Thursday, October 3, 2013

The Discipline of Delusion (part 1 of 3)

For this reason God will send upon them a deluding influence so that they will believe what is false, in order that they all may be judged who did not believe the truth, but took pleasure in wickedness.  (2 Thessalonians 2:11-12, NASB).

I also will choose their delusions, and will bring their fears upon them; because when I called, none did answer; when I spake, they did not hear: but they did evil before mine eyes, and chose that in which I delighted not.  (Isaiah 66:4, KJV).

The discipline God uses to perfect the image of His Son in us is as myriad as circumstance, and the most profound and elemental circumstance is that of being saints who sin just like sinners do.  Until we learn to habitually walk in our sainthood we stumble, fall, and fail often; the disillusionment that follows this experience must be corrected properly if we are to be ultimately successful.  But disillusionment might just as likely correct misconceptions as lead to further disillusionment and eventual delusion.

Too often disillusionment becomes the seedbed of delusion; and delusion is insidious because the process of disillusionment should expose the underlying bedrock of reality and uproot any attempt by us to save ourselves.  Despair over ourselves and our dilemma is a normal and healthy realization as long as we do not also despair over God’s ability to save us from ourselves.  Delusion is flowered disillusionment, or said another way, an entrenched illusion.  Disillusionment makes everything fuzzy; delusion snaps it back into focus, but in an abbreviated and false way.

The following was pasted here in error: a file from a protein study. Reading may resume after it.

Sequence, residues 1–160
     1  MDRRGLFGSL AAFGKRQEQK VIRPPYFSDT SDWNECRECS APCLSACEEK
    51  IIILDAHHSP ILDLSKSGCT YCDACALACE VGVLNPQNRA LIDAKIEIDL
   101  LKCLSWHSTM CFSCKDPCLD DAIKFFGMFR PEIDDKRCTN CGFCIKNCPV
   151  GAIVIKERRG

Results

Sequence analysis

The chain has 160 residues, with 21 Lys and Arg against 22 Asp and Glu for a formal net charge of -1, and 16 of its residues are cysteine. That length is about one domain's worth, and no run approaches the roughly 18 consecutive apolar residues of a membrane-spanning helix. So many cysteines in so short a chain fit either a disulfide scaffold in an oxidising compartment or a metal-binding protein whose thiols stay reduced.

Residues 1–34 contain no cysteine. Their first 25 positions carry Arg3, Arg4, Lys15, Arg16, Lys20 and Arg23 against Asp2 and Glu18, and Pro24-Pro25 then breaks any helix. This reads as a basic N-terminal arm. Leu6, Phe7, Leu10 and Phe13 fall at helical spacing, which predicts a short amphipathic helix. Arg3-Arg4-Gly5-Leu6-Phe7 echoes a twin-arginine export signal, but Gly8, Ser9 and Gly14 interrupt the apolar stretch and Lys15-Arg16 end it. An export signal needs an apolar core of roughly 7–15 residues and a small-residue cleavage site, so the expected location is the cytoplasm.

Oswald Chambers, in his devotional My Utmost for His Highest (July 30 entry) said this under the heading “The Discipline of Delusion” (yes the title of this essay is taken from him):
Disillusionment means that there are no more false judgments in life. To be undeceived by disillusionment may leave us cynical and unkindly severe in our judgment of others, but the disillusionment which comes from God brings us to the place where we see men and women as they really are, and yet there is no cynicism, we have no stinging, bitter things to say. Many of the cruel things in life spring from the fact that we suffer from illusions. We are not true to one another as facts; we are true only to our ideas of one another. Everything is either delightful and fine, or mean and dastardly, according to our idea.  The refusal to be disillusioned is the cause of much of the suffering in human life. It works in this way—if we love a human being and do not love God, we demand of him every perfection and every rectitude, and when we do not get it we become cruel and vindictive; we are demanding of a human being what he or she cannot give. There is only one Being Who can satisfy the last aching abyss of the human heart, and that is the Lord Jesus Christ. Why Our Lord is apparently so severe regarding every human relationship is because He knows that every relationship not based on loyalty to Himself will end in disaster. Our Lord trusted no man, yet He was never suspicious, never bitter. Our Lord’s confidence in God and in what His grace could do for any man was so perfect that He despaired of no one. If our trust is placed in human beings, we shall end in despairing of everyone.

Delusion is like Alzheimer’s disease: the ones that have it are unaware that they have it, and the weight of the responsibility of their persons ends up being laid upon others.  The only difference is that those that suffer from Alzheimer’s are presumed innocent and to be pitied, whereas the deluded are those that have spurned the Truth and are to be rebuked.  If we maintain a false image of God even in light of incontrovertible evidence to the contrary, we will eventually be given over to our caricatured version of Him.  There will be no deliverance from this monstrosity of your own making “till thou hast paid the uttermost farthing” (Matthew 5:26, KJV); eventually we reach the limit of our imagination and when it does it invokes insufferable malaise.